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re: why not live underground?
1 feb 2006
viator wrote:

> this past summer, the news carried stories of people
> dying in the summer heat in phoenix arizona, especially
> people without homes or access to air conditioning.
> this seemed awefully tragic, and all throughout this news coverage
> there was a lack of critical questioning let alone "out of the box"
> thinking, as usual with the us media. the most obvious question
> seemed to be, if the earth is about 50 degrees f underground, then
> why do phoenix residents not live underground to save energy
> and keep cool during the summer...

nrel says the deep ground temp in phoenix is 72.6 f, with w = 0.0061,
as a year-round average, so evaporative cooling (eg some green plants)
should work well, with a slow ceiling fan and a hole at the top to make
a cool air trap. but the local soil (caliche) is hard to dig.
dynamite could be fun.

> years ago i heard that in australia, the opal miners in the western
>part of that country all live underground, because the mines are located
>in a desert where it's terminally hot at the surface.
> could the situation for most phoenix residents, who are notoriously
> dependent on air conditioning not be summarizable as simply "humans
> failing to adapt to the environment as usual"?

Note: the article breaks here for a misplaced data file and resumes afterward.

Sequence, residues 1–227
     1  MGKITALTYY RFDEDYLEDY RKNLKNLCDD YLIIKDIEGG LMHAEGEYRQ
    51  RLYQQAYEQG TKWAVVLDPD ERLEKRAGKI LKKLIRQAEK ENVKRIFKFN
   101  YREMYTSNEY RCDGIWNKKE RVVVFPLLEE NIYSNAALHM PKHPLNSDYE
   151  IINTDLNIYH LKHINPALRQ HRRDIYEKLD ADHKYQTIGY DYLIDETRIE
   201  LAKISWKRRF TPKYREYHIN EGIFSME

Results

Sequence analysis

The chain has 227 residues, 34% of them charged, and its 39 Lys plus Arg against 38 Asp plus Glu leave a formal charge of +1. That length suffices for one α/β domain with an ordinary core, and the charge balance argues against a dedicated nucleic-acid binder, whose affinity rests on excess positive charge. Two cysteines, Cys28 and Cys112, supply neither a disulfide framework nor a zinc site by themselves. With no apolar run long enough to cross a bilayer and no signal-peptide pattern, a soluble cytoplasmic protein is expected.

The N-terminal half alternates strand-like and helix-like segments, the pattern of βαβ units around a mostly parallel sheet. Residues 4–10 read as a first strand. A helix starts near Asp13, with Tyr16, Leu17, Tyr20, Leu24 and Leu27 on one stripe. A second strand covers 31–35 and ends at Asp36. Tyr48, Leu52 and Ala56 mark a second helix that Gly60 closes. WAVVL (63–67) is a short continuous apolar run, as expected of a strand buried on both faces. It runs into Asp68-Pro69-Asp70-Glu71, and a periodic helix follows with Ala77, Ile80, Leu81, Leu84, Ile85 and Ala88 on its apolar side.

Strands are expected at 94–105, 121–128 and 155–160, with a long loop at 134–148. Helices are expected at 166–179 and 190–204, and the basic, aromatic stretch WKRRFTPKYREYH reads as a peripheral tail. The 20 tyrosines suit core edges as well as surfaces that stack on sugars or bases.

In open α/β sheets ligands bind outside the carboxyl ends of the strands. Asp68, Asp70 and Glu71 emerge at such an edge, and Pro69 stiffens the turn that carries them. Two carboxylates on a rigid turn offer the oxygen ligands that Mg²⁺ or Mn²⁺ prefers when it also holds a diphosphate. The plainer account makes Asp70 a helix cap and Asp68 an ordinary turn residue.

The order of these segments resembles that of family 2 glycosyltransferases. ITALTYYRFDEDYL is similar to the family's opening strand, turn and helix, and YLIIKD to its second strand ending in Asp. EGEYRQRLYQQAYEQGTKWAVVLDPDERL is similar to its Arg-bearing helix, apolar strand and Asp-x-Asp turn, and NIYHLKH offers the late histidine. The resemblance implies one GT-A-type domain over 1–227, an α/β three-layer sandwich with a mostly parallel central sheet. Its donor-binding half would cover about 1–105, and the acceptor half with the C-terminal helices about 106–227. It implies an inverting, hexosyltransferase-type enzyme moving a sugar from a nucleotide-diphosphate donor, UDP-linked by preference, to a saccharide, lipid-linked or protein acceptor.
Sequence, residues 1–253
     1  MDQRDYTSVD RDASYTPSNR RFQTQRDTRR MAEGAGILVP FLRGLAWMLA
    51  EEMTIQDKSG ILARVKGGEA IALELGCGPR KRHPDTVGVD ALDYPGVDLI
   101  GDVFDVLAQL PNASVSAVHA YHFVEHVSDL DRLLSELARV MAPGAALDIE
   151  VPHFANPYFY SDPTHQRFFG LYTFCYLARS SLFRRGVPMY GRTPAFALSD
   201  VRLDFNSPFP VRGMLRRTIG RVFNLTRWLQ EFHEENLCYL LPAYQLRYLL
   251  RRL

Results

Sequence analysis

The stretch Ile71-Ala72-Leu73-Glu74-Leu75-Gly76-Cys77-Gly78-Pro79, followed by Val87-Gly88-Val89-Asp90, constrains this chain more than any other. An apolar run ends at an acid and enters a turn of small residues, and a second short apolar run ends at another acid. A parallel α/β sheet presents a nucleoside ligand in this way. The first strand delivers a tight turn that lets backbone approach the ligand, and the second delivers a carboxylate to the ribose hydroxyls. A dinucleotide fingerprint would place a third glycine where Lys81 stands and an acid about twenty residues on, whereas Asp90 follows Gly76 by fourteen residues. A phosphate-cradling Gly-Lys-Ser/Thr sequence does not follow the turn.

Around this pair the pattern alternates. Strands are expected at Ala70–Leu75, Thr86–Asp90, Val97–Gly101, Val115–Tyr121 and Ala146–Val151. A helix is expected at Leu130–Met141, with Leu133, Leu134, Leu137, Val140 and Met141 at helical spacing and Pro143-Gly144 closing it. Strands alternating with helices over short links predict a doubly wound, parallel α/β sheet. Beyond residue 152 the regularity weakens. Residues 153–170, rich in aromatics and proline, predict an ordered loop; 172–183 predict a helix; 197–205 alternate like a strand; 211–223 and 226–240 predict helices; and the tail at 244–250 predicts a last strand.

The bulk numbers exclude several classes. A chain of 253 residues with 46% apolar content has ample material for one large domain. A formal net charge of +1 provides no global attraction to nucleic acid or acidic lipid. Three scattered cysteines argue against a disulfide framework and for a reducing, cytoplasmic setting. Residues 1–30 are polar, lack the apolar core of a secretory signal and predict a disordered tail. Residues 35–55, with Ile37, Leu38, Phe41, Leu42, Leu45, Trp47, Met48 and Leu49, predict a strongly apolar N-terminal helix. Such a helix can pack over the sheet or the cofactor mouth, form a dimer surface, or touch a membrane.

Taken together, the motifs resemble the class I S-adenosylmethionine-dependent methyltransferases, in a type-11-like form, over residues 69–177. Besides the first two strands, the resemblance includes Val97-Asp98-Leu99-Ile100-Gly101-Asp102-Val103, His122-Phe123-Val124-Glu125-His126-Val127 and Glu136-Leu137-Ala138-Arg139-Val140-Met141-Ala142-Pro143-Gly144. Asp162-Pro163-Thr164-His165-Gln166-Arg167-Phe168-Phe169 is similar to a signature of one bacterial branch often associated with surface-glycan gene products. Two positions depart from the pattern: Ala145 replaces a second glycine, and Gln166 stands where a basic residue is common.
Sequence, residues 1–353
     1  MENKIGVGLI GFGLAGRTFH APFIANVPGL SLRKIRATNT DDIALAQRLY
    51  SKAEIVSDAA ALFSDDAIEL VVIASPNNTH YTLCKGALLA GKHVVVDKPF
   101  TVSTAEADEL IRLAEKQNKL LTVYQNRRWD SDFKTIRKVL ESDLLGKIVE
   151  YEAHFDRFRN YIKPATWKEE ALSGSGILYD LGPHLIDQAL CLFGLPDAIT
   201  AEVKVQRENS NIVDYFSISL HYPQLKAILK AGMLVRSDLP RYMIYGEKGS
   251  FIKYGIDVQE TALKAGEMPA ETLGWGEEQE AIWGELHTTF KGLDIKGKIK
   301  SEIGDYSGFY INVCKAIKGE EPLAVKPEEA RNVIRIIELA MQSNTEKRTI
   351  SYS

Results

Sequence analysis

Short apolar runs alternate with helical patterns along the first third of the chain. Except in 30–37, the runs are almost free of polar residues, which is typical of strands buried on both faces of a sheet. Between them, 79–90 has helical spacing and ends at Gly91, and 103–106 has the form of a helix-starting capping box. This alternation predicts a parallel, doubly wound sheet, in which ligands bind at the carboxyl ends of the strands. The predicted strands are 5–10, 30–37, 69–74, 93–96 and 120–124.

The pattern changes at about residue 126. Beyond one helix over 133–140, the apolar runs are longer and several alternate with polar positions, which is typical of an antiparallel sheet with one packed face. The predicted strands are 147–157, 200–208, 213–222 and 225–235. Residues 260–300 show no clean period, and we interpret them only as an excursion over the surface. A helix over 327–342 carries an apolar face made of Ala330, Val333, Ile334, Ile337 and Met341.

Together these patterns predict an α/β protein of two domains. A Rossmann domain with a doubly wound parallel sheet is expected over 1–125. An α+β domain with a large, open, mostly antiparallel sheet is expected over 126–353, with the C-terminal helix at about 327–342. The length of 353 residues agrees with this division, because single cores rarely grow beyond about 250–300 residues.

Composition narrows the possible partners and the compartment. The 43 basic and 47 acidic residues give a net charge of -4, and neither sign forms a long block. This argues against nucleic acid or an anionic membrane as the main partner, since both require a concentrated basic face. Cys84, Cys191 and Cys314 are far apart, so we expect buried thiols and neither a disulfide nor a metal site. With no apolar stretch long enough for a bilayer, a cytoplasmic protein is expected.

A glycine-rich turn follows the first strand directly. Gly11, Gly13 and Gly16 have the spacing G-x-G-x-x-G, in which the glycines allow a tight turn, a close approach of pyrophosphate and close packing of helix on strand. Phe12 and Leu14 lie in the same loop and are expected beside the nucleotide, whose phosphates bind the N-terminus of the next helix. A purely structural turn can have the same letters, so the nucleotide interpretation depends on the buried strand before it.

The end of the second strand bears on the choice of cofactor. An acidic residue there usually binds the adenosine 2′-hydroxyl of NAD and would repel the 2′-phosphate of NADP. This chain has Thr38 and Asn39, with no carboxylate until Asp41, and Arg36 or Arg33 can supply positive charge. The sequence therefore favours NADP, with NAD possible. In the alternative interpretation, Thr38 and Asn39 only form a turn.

>  the opal miners you heard about, were in coober pedy - south 
>australia. more central than western, but a truely amazing place to 
>visit all the same. the reasoning is more to do with the fact that the 
>geology of the location makes tunneling *relatively* easy, and once 
>you've dug out a grid of tunnels looking for opal, well, why waste it? 
>join a few together, hollow out between them, and there you have it... 
>ready for wiring and plumbing, and uniquely easy to expand as the family 
>"underground" is used in other places as well, where the tunneling 
>method is not practical. in one adelaide hills location, a narrow gorge 
>between two hills was flattened at the base, and had a stack of 
>specially cast room sized concrete culverts placed in it. doorways 
>between rooms were cast into the concrete before laying. the entire 
>front of the house (the open ends of the culverts) was glazed with 
>commercial alluminium shopfront windows and doors, and the whole 
>structure (with the exception of the front wall) was basically burried. 

sounds nice, with a north front wall.

>plenty of light and air, virtually zero heating and cooling costs, 
>virtual zero external maintenance costs, and virtual immunity fromthe 
>risks of fire, flood, or storm. that particular house was directly in 
>the path of the ash wednesday bushfires that destroyed the area in 1983. 
>while the fire was literally burning on the roof, and the residents ran 
>through the inside checking for any sparks that got around the windows 
>or doors, the only noticible effect of the fire on the house itself, was 
>that the ambient inside temperature rose by one or two degrees!


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